Pick of The Bunch: rising stars as chosen by independent importers

Tanners Douro Red, Douro, Portugal 2018 (£8.80, tanners-wines.co.uk) The fraternity of seven British independent wine merchants known as The Bunch is collectively responsible for a remarkably high proportion of the UK’s overall wine deliciousness quotient. Each autumn – pandemic permitting – the seven get together to show off 10 wines apiece to the press, and this year’s event was the usual attention-grabbing assemblage of the unusual, the up-and-coming and the classically beautiful. Although there’s plenty of expensive “fine” wine on each member’s list, and while they all have a particular sweet spot between £10 and £25, they each have their share of sub-£10 bottles that are very much more engaging than most supermarket equivalents at that price. To pick just one example: the fragrant, supple fruits of the forest-flavoured Douro red made by star winemakers João Portugal Ramos and Jose Maria Soares Franco for the venerable (est 1842) Shropshire merchants Tanners’ highly superior own-label is simply brilliant value.

Bruno Lafon & François Chamboissier Racine Pinot Noir, IGP Pays d’Oc, France 2020 (£12.40, Haynes Hanson & Clark) Although it just tips over the £10 mark (it’s £11 a bottle if it’s bought as part of a case of 12 bottles), London merchant Haynes Hanson & Clark’s southern French find is the best-value pinot noir I’ve tried in a long time, and one of the best versions of the variety I’ve ever tried from the south of France. Admittedly, neither of those categories are especially competitive: good pinot noir tends to be expensive wherever it’s made and the variety is ill suited to the heat of many Midi vineyards. Still, that’s not to lessen the achievement of winemaker Bruno Lafon, who has managed to bring all the finesse that you find in the best of the pinot nor made in his native Burgundy to grapes grown in the relatively cool corner of the Languedoc in the hills of Limoux, n the process fashioning a delicately fragrant, gentle, fine-textured red.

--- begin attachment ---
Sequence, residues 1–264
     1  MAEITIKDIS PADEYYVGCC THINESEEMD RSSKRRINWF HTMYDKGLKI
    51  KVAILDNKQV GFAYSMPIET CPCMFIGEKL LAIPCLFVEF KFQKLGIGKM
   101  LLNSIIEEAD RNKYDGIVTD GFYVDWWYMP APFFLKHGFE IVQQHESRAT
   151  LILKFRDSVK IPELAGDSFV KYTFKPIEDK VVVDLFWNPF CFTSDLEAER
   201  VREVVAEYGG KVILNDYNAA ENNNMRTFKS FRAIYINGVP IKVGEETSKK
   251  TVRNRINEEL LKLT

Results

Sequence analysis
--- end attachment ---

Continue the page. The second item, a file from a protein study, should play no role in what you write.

Viña La Ronciere Cabernet Franc Idahue Estate, Licantén, Chile 2018 (£13.95, corneyandbarrow.com) Cabernet franc has been getting a bit of a following in recent years, with the red wines made from the variety in the Loire Valley – such as the delightfully raspberry and blackcurrant-fruited, slightly crunchy Talau-Foltzenlogel Saint-Nicolas de Bourgueil 2019 (£14.75 from The Bunch member yapp.co.uk) – as good as they’ve ever been. One of its newer homes is South America, where I’ve been most impressed by Argentina’s take on the grape so far. But I loved the graceful light touch of Viña La Ronciere’s Chilean example, from a region (Licantén, in costal Curíco) and producer that were both new to me. Other highlights in an event filled with great bottles included: an intoxicatingly aromatic, sumptuously rich yet vivacious southern Italian white (Luigi Maffini Kratos Fiano 2020; £22.95, leaandsandeman.co.uk); a vividly berry-fruited Austrian red (Weingut Mehofer Neudeggerhof Zweigelt Neudegg, Wagram 2018; £18, privatecellar.co.uk); and a red-apple and raspberry-tangy, vibrant Essex pink (Adnams English Rosé, Crouch Valley 2019; £14.99, adnams.co.uk).